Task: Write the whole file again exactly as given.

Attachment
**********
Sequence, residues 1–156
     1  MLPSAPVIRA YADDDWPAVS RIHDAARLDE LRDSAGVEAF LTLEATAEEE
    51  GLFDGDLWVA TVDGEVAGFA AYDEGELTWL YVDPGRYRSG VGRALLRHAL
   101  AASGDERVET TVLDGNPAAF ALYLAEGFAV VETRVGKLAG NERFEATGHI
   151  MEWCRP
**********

Sequence, residues 1–156
     1  MLPSAPVIRA YADDDWPAVS RIHDAARLDE LRDSAGVEAF LTLEATAEEE
    51  GLFDGDLWVA TVDGEVAGFA AYDEGELTWL YVDPGRYRSG VGRALLRHAL
   101  AASGDERVET TVLDGNPAAF ALYLAEGFAV VETRVGKLAG NERFEATGHI
   151  MEWCRP